The recovery we had to have has put profits first and wages later – leaving workers out of pocket | Greg Jericho

I hope you enjoyed the recession, because the recovery is here, and it is brutal.

You may not know it, but Australia’s economy is growing fast and recovering from the deep pandemic recession. You probably don’t know it because during this recovery real wages have fallen and now we have added to the mix the prospect of much higher interest rates.

After more than a decade of interest rates only going down, the Reserve Bank of Australia on Tuesday kicked up interest rates 50 basis points – something it hadn’t done since February 2000. Combined with the 25 basis rise in May, it made for a two-month hike of 75 basis points – the biggest since 1995.

Gee, thanks.

And yet, unlike the increasing interest rates that met the Rudd government in 2008, these come not off the back of huge mining investment and high paying jobs, but at a time when real employee incomes are falling.

The latest labor account figures released on Wednesday show that real hourly income per employee fell 3.2% in the 12 months to March this year and is now back at the level it was in September 2014:

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In effect, the LNP government left us as it found us.

The labor account figures put to the sword once again the argument that the current increase in inflation that has caused the reserve bank to increase interest rates is not the fault of workers asking for big wage rises.

In reality, worker incomes are going backwards in real terms.

Of course we knew this.

Not only have we seen a bigger slice of the national income going to profits but the latest business indicators released just before the GDP figures showed a strong increase across most industries of sales relative to wages.

In the accommodation and food services industry, for example, the ratio of sales to wages has gone from $4.2 of sales for every $1 of wages before the pandemic to now $4.6 for every $1 – the best ratio of sales to wages ever recorded in the industry :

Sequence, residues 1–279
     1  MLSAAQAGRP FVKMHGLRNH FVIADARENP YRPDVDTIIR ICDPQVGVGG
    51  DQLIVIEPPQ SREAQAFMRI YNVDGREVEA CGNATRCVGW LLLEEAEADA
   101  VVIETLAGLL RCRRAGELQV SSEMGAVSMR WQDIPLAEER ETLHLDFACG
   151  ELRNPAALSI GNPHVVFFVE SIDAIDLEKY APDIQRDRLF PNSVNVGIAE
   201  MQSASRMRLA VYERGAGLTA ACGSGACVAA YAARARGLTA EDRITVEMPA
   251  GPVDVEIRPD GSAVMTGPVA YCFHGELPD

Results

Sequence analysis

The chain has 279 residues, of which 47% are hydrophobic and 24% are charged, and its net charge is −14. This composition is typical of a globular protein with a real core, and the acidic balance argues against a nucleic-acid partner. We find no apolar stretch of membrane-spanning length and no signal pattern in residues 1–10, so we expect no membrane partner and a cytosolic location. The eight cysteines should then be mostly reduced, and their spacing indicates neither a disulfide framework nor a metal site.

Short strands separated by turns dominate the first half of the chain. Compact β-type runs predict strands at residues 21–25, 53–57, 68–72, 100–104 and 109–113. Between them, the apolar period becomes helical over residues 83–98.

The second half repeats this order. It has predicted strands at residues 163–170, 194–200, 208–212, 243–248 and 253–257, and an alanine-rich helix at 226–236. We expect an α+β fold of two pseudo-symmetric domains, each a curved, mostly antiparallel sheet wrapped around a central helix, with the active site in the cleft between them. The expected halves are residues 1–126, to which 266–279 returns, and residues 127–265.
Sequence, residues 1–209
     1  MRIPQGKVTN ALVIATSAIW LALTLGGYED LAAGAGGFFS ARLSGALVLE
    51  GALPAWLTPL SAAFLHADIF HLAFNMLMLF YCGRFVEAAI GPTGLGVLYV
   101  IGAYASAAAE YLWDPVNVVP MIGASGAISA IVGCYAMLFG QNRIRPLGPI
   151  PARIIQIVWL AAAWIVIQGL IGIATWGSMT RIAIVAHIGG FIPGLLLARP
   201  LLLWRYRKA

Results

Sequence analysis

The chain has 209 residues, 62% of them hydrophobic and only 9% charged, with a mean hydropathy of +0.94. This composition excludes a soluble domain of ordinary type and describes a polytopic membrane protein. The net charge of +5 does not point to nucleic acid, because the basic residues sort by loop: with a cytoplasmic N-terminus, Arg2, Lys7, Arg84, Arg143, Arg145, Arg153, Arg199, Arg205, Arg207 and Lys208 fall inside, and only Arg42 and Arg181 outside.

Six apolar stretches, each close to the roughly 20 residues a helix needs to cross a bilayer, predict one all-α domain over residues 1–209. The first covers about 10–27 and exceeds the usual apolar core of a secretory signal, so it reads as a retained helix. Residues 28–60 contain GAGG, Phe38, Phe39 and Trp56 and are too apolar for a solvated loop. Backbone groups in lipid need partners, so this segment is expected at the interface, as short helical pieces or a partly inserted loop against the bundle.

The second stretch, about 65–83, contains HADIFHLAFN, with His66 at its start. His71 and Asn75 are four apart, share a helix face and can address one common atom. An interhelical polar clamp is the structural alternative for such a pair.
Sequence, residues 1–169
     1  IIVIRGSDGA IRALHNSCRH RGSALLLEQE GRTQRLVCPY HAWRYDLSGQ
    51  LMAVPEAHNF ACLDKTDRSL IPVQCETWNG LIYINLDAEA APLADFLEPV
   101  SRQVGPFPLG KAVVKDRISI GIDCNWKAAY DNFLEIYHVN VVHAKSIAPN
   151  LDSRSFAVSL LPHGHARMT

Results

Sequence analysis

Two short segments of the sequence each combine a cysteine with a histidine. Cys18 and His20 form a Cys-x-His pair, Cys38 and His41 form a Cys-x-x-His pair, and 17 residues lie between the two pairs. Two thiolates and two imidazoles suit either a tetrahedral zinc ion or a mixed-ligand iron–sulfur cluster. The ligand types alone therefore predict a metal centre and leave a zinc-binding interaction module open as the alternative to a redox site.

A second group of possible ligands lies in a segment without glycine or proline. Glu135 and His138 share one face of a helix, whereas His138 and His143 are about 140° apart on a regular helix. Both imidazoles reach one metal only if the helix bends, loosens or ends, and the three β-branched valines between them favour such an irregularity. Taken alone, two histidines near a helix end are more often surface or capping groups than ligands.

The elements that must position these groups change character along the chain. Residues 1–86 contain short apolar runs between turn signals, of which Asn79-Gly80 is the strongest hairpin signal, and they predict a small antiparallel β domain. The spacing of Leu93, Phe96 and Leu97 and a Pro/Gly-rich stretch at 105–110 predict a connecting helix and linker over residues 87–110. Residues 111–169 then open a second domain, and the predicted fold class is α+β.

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The retail trade industry shows a similar story. A 20-year trend of declining sales relative to wages has now been reversed:

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This does not mean businesses are now making huge profits – there are many costs other than labor that need to be paid – but that clearly the big drivers of inflation are not coming from labor costs.

This is important because not only are there strong pushbacks from employer groups against wage rises above inflation (or even level with it), but that these pushbacks are coming even as the need for labor is at record highs.

The labor account figures, unlike the monthly labor force data, enable us to see just how many vacancies there are in each industry relative to the total number of jobs.

This gives us a sense of how desperate for workers each industry is.

Right now 2.8% of all jobs are vacant waiting for someone to fill them. That is the highest level on record back to 1994 by some margin:

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The reason is the combination of good jobs growth and a sharp decline in the number of working-aged people in Australia.

As I noted last month, there are now about 354,000 fewer people aged 15-34 here than would have been expected prior to the pandemic.

Yes, the borders are opened, but it takes time to fill that gap.

And the need for workers is strong across all industries:

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One of the industries that has seen the biggest increases in job vacancies is the accommodation and food services industry.

You would expect this great need for labor would see a similarly large increase in the payment to workers – the usual supply and demand relationship. That labor costs would soar, perhaps justifying the need to keep the minimum wage rise down to protect businesses, given how many workers in the sector earn that rate.

Goal no:

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The real hourly cost of labor in the hospitality sector is now back where it was in 2012 – a period when the industry vacancy rate was less than half what it is now.

In raising rates, the reserve bank wants to keep inflation down – this includes wages as well as rising prices.

The problem is that while one is too high, the other is already too low.

The labor account shows we have a historically sharp increase in the demand for labour, but not the accompanying increase in workers’ incomes.

The risk is that the next 12 to 18 months will see increased prices due to overseas events, and increased interest rates, but those same rate rises will dash the hopes for stronger wages as the heat comes out of the economy.

The recovery has essentially been profits first; wages later.

But should the reserve bank stifle the recovery with fast rate rises, those wage rises will remain off in the distance, and workers’ real incomes will continue to fall.

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